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Some charities or causes seem to get more financial attention than others in terms of where wealthy people donate their money.

And now we have a bit more insight into where that is, thanks to this sneak peek of an extensive report from the U.S. Trust and the Indiana University Lilly Family School of Philanthropy called the 2016 U.S. Trust Study of High Net Worth Philanthropy, due out in full on Oct. 25.

The Method

The study was administered nationally, through a 70-question survey, to high net worth individuals (households with incomes $200,000 and/or net worth of more than $1,000,000 — excluding the monetary value of their homes) between May 2016 and September 2016. More than 1,500 responding households met the income and/or wealth criteria for this study. There was no reported margin of error for the full study.

“For the last decade, [the study] has been an important barometer for charitable engagement and perspectives. The latest study will once again offer valuable insights that help inform the strategies of nonprofit professionals, wealthy donors and charitable advisors alike,” Claire Costello, managing director and National Philanthropic Specialist for U.S. Trust, told Credit.com.

The Winner Is …

The biggest category wealthy donors gave to last year was to Basic Needs organizations, with 63% of the rich group giving to organizations that provide food and shelter and the basic necessities for human survival. Donations for religious causes came in second (50%), followed by education (45%), the environment (42%) and health (40%).

The Age Spread

Age also impacted how many groups benefit from their donations. For example, donors over 70 were more likely to spread out donations to 11 different organizations, baby boomers gave to an average of seven and donors age 50 and younger gave to five, on average. The total average of all age groups was eight different organizations.

Political Giving 

Politics was a good cause for the well-heeled set: One out of four (24%) wealthy donors gave financially to a political candidate, campaign or committee last year or said they plan to do so during the 2016 election season. The most generous of this category were donors over the age of 70 (40%) and LGBT individuals (38%), who were more likely to give to a political candidate or campaign. If you were to compare benefactors by political party: Democrats (36%) were more likely to give than Republicans (22%). By ideology: Liberals (43%) were more likely to vote with their dollars and give donations than conservatives (24%) and moderates (17%).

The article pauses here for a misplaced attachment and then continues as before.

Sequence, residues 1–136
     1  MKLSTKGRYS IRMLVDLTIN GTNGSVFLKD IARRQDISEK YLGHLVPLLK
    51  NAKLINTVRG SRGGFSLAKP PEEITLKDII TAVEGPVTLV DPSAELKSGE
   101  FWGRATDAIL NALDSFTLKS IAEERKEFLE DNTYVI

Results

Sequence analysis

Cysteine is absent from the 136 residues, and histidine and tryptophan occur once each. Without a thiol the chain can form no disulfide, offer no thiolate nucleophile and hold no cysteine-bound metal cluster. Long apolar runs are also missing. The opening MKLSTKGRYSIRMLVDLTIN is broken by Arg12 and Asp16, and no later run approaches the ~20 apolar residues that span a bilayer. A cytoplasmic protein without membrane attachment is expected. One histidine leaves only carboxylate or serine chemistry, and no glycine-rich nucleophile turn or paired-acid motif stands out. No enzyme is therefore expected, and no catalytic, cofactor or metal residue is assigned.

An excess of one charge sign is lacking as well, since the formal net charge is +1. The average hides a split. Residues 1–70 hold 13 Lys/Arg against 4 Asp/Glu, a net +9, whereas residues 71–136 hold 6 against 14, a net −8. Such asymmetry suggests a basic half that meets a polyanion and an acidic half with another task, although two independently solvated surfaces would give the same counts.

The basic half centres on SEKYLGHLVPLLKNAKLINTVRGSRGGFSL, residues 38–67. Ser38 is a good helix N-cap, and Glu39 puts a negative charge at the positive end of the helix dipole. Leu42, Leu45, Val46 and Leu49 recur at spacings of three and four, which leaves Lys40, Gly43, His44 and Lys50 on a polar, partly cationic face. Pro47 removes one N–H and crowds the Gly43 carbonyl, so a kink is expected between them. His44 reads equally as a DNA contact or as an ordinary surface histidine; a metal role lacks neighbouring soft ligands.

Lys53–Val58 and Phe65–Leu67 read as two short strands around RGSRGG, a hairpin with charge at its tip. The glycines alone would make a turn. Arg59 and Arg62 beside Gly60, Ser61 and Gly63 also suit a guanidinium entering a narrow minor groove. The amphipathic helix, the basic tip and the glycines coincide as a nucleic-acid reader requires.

The main reasons those with deep pockets reported they decided to buoy a candidate or campaign with their dollars was to exercise their voice (56%); help the outcome of elections (49%; this category was owned by men more than women and donors over the age of 50); and because they believe the candidate can make a difference (46%).

Those who held back their donations did so because they reportedly felt their political contributions would have little to no impact when compared to corporate contributions (47%) and contributions from Political Action Committees (PACs) (26%). About a third (31%) believed their contributions wouldn’t make a difference, and more than a quarter (26%) didn’t have a particular candidate they would endorse (26%).

Creating a Positive Impact on Society

When asked what they believe has the greatest potential for positive impact on society, wealthy donors cited charitable giving (45%) and volunteering (31%) above all else. And many believe the giving is more effective if it comes from the masses. Twice as many wealthy donors believe that smaller donations from many donors have a greater likelihood of changing the world than do larger donations from the wealthiest Americans (35% compared to 18%); however, most respondents are unsure which will have a greater impact (47%), according to the study.

When giving to charity, it’s important to be careful with sharing your personal information. One way you can do this is to keep an eye on your credit scores, because any changes can tip you off if someone has stolen your personal information in the process. You can pull copies of your credit reports for free each year at AnnualCreditReport.com and view two of your credit scores, updated every 14 days, for free on Credit.com.

Image: ViewApart

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